Even Ethical Hackers Abuse Cloud ServicesCreating Cloud-Hosted Attack Infrastructures a Common Practice, Academic Researchers Find
Many ethical hackers and other security professionals, such as penetration testers, have weaponized cloud platforms to host online attack infrastructure or have used these platforms to conduct reconnaissance, according to security researchers at Texas Tech University.
In their paper, "Cloud as an Attack Platform," the five researchers say they interviewed 75 ethical hackers and penetration testing experts. The findings: About nine out of 10 admitted to bypassing current cloud security features to set up virtual private servers on infrastructure-as-a-service cloud models for performing reconnaissance, scanning and gaining access to a target and launching an exploit.
Many of those interviewed noted they were exploiting the cloud infrastructure to host phishing sites or launch distributed denial-of-service and brute-force attacks, the researchers note in an accompanying paper.
Although the issue of weak security was prevalent across multiple cloud platforms, the researchers note that free cloud resources and services are the most abused.
"This is due to its attractiveness in being free and recording no identify information; attackers are more eager to utilize these services and launch attacks and yet remain stealth," says Akbar Namin, an associate professor at Texas Tech University.
Paid cloud platforms were less commonly used by ethical hackers because these services have stronger verification processes. "For the paid ones, since the identity of the users are already recorded, the paid users are less likely to abuse the cloud," Namin tells Information Security Media Group.
The researchers warn that malicious attacks using the cloud are likely to surge as more organizations move their operations online. According to a recent study by security firm Trustwave, cloud services remained the third most targeted environment in 2019, accounting for 20% of the total cyberthreats.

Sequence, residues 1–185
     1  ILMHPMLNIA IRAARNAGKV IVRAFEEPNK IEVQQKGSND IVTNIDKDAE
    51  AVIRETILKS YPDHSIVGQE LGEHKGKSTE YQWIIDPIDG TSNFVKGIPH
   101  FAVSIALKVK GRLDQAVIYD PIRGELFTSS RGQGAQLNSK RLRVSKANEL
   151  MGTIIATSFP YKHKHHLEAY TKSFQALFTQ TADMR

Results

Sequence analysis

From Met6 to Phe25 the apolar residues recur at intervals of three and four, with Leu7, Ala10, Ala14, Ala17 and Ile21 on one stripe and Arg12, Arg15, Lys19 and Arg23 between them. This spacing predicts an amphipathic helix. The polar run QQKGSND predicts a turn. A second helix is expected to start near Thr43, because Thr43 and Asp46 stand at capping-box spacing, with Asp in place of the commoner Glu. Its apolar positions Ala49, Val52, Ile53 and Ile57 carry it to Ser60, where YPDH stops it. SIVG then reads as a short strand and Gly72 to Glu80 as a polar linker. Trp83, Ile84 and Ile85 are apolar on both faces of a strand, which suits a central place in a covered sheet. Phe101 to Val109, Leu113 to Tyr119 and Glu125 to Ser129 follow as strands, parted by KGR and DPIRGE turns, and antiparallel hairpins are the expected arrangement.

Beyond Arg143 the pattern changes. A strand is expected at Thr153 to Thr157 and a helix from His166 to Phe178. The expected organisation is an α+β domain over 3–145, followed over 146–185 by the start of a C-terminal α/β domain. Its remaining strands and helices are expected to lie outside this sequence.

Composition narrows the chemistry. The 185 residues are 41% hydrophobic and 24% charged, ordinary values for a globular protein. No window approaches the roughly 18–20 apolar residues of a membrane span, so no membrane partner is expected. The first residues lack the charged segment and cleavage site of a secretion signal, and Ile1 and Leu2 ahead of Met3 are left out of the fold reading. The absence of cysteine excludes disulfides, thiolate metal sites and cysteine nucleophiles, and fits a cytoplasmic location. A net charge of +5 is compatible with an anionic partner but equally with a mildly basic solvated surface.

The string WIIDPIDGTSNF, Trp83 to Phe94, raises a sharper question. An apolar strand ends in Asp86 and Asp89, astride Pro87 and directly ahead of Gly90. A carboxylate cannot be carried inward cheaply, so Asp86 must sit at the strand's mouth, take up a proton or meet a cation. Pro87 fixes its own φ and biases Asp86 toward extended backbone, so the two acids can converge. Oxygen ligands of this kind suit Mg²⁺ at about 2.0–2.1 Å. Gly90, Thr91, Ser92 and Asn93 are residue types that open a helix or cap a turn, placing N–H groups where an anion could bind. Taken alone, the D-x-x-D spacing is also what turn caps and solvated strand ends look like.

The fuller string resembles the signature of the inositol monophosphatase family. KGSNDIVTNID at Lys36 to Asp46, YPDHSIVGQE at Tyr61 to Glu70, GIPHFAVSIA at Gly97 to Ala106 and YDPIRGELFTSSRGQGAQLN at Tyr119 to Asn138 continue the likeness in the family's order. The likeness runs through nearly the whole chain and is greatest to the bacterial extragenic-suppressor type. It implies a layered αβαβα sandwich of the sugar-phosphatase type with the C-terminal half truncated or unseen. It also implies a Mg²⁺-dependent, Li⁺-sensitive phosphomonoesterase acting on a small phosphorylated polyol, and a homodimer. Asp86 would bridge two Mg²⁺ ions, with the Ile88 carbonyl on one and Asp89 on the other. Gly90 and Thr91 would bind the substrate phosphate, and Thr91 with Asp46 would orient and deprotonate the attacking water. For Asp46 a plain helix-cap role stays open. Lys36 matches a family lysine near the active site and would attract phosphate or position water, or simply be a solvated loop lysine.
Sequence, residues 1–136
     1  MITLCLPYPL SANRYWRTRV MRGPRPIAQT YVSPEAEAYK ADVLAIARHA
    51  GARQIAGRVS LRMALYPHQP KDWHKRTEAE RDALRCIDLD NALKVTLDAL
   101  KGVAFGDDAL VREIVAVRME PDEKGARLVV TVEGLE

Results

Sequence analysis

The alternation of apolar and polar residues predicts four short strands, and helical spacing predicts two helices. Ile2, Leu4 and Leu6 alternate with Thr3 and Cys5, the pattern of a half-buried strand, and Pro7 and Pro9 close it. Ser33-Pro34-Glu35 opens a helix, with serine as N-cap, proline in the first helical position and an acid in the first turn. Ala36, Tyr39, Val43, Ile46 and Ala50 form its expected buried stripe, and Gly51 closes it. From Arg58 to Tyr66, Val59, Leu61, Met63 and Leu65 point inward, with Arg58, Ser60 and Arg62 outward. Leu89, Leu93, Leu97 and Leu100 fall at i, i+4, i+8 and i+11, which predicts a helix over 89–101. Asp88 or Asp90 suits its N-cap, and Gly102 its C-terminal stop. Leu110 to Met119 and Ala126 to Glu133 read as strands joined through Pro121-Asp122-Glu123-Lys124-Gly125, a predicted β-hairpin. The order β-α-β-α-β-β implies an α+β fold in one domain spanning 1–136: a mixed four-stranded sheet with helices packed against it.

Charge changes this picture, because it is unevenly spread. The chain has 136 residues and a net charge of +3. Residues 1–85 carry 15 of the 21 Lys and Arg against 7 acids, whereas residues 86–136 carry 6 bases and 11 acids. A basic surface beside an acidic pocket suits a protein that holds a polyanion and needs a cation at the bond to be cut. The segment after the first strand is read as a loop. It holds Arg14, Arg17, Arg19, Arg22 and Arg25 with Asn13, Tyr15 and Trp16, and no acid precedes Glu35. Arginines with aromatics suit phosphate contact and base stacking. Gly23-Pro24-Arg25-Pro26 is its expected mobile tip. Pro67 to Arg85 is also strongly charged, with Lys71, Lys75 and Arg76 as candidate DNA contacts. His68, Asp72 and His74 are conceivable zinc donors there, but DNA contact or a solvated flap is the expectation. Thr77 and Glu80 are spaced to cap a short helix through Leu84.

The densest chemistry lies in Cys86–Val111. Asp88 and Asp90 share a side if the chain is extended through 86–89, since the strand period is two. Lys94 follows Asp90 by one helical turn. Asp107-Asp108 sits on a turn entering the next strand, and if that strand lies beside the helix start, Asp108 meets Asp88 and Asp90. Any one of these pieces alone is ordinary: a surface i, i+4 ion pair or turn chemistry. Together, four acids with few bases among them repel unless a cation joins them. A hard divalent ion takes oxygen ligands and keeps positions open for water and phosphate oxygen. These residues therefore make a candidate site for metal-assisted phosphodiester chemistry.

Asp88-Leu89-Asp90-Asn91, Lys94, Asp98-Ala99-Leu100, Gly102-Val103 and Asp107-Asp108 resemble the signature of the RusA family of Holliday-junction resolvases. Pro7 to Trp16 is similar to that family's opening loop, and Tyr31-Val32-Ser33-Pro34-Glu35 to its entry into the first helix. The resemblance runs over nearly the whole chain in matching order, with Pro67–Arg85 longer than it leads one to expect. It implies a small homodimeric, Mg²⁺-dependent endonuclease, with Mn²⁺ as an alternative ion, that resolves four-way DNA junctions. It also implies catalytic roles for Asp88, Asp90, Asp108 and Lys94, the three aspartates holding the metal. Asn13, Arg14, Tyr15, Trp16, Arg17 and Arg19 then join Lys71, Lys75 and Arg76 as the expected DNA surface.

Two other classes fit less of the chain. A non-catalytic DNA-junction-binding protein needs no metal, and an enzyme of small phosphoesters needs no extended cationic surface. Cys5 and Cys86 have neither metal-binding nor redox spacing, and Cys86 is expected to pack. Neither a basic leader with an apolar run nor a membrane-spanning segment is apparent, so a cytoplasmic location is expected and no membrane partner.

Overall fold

The Steps Involved
The Texas Tech study found that ethical hackers abusing the cloud platform often begin their operations by setting up a virtual private servers or multihop VPNs.
Those interviewed described how they encrypt the communication channels in the virtual machines to stay under the radar, the study notes. In the next step, the cybersecurity professionals load the VMs with security tools such as NMap, Metasploit, and Wireshark to conduct offensive operations.
"By running all these tools using the computing resources of the VM on the cloud, attackers could craft and launch a SQL-injection attack, or propagate malware or run malicious scripts on a target machine, or even install software like a keylogger on the target machine to obtain credentials," the authors of the study note.
The report notes that experienced security professionals were able to bypass the advanced security protocols in certain cloud platforms, including Amazon Web Services and Google Cloud Platform, to set up attacks infrastructures.
"The Google Cloud Platform has adequate tracking methods to monitor if any of the VMs are running any suspicious processes to circumvent the resources or network quota," the report says. "AWS has GuardDuty to trace malicious activities on the cloud, alongside Amazon Security Inspector to perform security assessment. However, from our participants' data, we learned that attackers are erudite enough to evade the prevailing security measures on the cloud."
Based on their findings, the researchers recommend that cloud service providers take several steps to prevent exploitation of their platforms:
- Implement preventive measures: One common way in which attackers can set up a cloud account is by using stolen credit card details. In order to prevent the misuse of anonymous cloud account services, service providers can use multifactor authentication to verify the user.
- Track VPN usage: Because the use of multihop VPNs requires significant bandwidth, tracking network usage and monitoring when certain VMs start to exhaust the network quota can help to detect suspicious accounts. The researchers recommend enforcing downloading of software tools from a trusted repository to help prevent the use of offensive tools in cloud platforms.
- Improve detection: Public cloud providers should deploy virtual hard drives to help identify suspicious accounts.
- Enhance recovery: Using automated anomaly detection tools, blocking malicious traffic and isolating VMs help ensure enhanced recovery.